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Analysis-Huawei CFO’s admissions won’t help U.S. in its case against the company -legal experts By Reuters


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© Reuters. FILE PHOTO Meng Wanzhou, Chief Financial Officer at Huawei Technologies speaks with media in B.C. Supreme Court, following hearings about her release from Vancouver (British Columbia), Canada, September 24, 2021. REUTERS/Jesse Winter

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By Karen Freifeld

(Reuters) – The admission by Huawei’s chief financial officer that she misled a bank about the company’s business dealings in Iran likely won’t help the United States as it continues to prosecute Huawei for the same charges.

While Meng Wanzhou’s admissions last week https://www.reuters.com/technology/huawei-cfo-meng-appear-court-expected-reach-agreement-with-us-source-2021-09-24 go to the heart of the financial fraud charges, legal experts say it will be difficult and perhaps impossible for prosecutors to use them against Huawei Technologies Co Ltd at trial.

Experts say that Huawei could claim what she has admitted to be the result of fraud or extortion if the government tried to leverage her admissions in any negotiation to avoid trial.

The U.S. attorney’s office in Brooklyn spokeswoman declined comment as did the Huawei spokesperson.

The U.S. court in Brooklyn approved Friday’s agreement to defer prosecution between Meng, U.S. prosecutors and the end of her case. Meng was able to appear via video link from Canada where she has been fighting extradition ever since her 2018 arrest on a U.S. warrant.

Meng’s arrest was a key source of discord between Beijing and Washington https://www.reuters.com/world/china/white-house-xi-raised-case-huawei-cfo-recent-call-with-biden-2021-09-27, and also had repercussions for Canada. Two Canadians detained in China shortly after Meng had been taken into custody, were released from Chinese prisons within hours and flown home.

Meng admitted that Huawei owned a company in Iran and its employees were Huawei workers. She also stated that false statements she made about the company during a meeting in 2013 with an executive from a bank. Previously reported under HSBC Holdings PLC (NYSE:).

CROSS-EXAMINATION

The statement of facts laid out in the agreement could be seen as an admission by a high-level officer of Huawei, said Roland Riopelle, a New York white-collar defense lawyer not involved in Meng’s case, “but if she is not available for cross-examination, it is almost certainly not admissible.”

Meng https://www.reuters.com/business/huawei-heir-apparent-prepares-life-after-three-years-canada-court-battle-2021-09-24 flew home to China on Friday and is unlikely to return to the United States to help the government in its case against the company founded by her father, Ren Zhengfei.

Meng is often called by prosecutors to appear on the witness stand and testify regarding their deals with the government in other cases. Huawei can’t exercise the U.S. Constitution 6th Amendment right of confrontation against Meng if she doesn’t appear at court. Charles Stillman, another New York defense attorney, stated that Meng’s absence and the inability to cross-examine her is grounds for dismissal.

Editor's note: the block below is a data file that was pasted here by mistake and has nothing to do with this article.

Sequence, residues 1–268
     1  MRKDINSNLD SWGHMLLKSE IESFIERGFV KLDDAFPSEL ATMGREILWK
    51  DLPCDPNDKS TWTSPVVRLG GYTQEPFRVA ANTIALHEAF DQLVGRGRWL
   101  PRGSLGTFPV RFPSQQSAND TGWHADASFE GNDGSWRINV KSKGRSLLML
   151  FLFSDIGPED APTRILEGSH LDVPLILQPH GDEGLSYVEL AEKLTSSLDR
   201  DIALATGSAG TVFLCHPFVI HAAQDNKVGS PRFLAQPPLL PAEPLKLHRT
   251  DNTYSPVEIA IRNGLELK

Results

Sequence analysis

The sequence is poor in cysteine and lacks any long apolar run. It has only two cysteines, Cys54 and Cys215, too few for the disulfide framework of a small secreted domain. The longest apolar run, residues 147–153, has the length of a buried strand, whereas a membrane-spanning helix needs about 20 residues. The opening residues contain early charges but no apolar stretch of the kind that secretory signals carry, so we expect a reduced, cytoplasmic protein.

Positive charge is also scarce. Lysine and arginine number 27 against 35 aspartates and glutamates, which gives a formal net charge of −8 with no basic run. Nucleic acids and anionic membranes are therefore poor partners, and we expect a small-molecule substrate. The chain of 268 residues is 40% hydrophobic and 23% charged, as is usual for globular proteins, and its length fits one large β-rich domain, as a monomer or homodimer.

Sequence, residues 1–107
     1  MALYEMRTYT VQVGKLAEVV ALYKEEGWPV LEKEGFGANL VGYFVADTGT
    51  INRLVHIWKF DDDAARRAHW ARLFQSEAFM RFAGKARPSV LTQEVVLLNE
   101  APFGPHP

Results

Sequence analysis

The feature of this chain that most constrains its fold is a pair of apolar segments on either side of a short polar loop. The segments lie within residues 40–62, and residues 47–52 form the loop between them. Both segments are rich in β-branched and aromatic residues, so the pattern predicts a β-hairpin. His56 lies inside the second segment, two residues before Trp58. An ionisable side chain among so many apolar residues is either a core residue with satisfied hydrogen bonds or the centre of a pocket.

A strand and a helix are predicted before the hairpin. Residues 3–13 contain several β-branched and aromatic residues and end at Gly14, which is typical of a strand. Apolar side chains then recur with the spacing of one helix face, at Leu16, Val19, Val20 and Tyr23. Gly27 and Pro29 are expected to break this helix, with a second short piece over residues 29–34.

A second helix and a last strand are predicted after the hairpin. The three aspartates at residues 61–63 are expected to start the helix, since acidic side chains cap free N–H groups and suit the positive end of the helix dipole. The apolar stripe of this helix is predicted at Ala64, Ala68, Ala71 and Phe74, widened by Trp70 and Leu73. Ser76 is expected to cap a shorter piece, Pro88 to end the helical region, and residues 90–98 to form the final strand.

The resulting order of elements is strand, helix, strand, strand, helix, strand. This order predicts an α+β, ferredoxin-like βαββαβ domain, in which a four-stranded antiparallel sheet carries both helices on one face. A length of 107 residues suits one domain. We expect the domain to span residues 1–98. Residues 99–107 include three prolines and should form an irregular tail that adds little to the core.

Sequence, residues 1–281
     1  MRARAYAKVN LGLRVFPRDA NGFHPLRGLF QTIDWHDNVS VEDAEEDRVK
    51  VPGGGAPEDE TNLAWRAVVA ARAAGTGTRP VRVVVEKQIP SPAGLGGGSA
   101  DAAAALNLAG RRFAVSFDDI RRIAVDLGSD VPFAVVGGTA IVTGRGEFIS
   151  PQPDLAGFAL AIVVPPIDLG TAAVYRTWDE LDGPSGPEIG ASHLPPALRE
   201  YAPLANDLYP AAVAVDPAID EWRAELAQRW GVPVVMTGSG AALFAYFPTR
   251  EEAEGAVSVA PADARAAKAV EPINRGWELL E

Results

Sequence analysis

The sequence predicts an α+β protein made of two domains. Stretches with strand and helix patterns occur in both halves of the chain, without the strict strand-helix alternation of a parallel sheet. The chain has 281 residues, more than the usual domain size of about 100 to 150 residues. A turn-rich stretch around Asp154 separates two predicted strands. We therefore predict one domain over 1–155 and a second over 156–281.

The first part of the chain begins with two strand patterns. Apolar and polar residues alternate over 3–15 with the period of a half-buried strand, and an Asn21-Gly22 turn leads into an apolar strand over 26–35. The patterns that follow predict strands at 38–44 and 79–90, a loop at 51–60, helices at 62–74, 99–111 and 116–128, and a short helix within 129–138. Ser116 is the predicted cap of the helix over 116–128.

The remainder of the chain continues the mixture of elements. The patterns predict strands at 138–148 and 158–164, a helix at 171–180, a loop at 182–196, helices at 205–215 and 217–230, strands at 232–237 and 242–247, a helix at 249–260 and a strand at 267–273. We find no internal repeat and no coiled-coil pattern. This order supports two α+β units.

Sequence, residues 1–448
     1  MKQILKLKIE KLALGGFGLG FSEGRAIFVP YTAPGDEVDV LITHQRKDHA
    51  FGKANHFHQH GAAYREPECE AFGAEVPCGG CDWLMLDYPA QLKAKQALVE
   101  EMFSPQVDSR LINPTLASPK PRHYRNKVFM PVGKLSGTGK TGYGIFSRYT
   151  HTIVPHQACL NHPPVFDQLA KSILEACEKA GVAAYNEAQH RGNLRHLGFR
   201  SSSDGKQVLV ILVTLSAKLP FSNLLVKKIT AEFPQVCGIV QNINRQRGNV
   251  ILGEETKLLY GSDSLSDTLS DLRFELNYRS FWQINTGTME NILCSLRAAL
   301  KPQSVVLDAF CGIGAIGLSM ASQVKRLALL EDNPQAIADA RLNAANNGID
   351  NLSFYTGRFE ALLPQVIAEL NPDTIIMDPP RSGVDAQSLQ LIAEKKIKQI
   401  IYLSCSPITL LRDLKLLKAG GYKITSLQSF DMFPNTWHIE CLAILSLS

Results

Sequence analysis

According to the statement of facts, Skycom Tech Co Ltd was identified as a Hong Kong-based company operating in Iran. However, it was owned by Huawei. The statement of facts stated that Skycom Tech Co Ltd was not Meng’s business partner and Meng falsely claimed that Huawei operates in accordance with all applicable laws, regulations, and sanctions.

Meng’s deception was intended by Meng’s colleagues to gain banking services at global financial institutions, in violation U.S. sanctions.

Experts said that the U.S. Department of Justice could also raise the statement of facts in discussions with company lawyers to try and avoid trial.

Morillo stated that Meng could also argue the agreement was a “product of exortion”, as she might have signed it in order to get her freedom. According to him, ultimately the benefit would be negligible.

Huawei should also point out that the company did not sign and will not be bound to this agreement. A spokesperson for the Chinese foreign ministry stated that Meng’s “fraud” charges were “purely invented.” Morillo said, “I have been involved in similar cases to this.” They’ll tell you that this is an elaborate fabrication. It is a product of extortion. We have no obligation to it.

Huawei is facing wire fraud, bank fraud, and conspiracy charges. Meng was also charged. Other charges include violating Iranian sanctions, obstruction of justice and conspiring against U.S. tech companies to steal trade secrets. It has pleaded no guilty.



Mike Robinson
Mike covers the financial, utilities and biotechnology sectors for Street Register. He has been writing about investment and personal finance topics for almost 12 years. Mike has an MBA in Finance from Wake Forest University.